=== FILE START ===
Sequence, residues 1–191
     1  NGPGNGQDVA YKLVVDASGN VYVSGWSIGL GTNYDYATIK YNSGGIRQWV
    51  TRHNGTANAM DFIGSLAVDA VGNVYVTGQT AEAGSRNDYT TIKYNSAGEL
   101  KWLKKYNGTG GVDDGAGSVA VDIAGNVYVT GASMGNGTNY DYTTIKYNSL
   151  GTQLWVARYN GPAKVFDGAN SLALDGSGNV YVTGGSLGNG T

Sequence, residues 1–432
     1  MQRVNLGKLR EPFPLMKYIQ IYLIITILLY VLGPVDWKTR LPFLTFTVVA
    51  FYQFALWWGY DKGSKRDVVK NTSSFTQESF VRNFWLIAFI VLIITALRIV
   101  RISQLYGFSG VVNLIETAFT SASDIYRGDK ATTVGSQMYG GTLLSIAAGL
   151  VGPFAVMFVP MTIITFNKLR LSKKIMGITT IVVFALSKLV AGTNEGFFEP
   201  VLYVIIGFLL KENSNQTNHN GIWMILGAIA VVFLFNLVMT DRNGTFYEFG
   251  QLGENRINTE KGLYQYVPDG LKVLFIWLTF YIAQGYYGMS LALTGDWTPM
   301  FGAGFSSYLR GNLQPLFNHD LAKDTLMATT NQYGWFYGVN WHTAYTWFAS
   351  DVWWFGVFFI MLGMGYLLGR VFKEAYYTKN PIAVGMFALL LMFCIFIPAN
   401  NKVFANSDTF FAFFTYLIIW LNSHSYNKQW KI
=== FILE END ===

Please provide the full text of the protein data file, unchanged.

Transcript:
Sequence, residues 1–191
     1  NGPGNGQDVA YKLVVDASGN VYVSGWSIGL GTNYDYATIK YNSGGIRQWV
    51  TRHNGTANAM DFIGSLAVDA VGNVYVTGQT AEAGSRNDYT TIKYNSAGEL
   101  KWLKKYNGTG GVDDGAGSVA VDIAGNVYVT GASMGNGTNY DYTTIKYNSL
   151  GTQLWVARYN GPAKVFDGAN SLALDGSGNV YVTGGSLGNG T

Sequence, residues 1–432
     1  MQRVNLGKLR EPFPLMKYIQ IYLIITILLY VLGPVDWKTR LPFLTFTVVA
    51  FYQFALWWGY DKGSKRDVVK NTSSFTQESF VRNFWLIAFI VLIITALRIV
   101  RISQLYGFSG VVNLIETAFT SASDIYRGDK ATTVGSQMYG GTLLSIAAGL
   151  VGPFAVMFVP MTIITFNKLR LSKKIMGITT IVVFALSKLV AGTNEGFFEP
   201  VLYVIIGFLL KENSNQTNHN GIWMILGAIA VVFLFNLVMT DRNGTFYEFG
   251  QLGENRINTE KGLYQYVPDG LKVLFIWLTF YIAQGYYGMS LALTGDWTPM
   301  FGAGFSSYLR GNLQPLFNHD LAKDTLMATT NQYGWFYGVN WHTAYTWFAS
   351  DVWWFGVFFI MLGMGYLLGR VFKEAYYTKN PIAVGMFALL LMFCIFIPAN
   401  NKVFANSDTF FAFFTYLIIW LNSHSYNKQW KI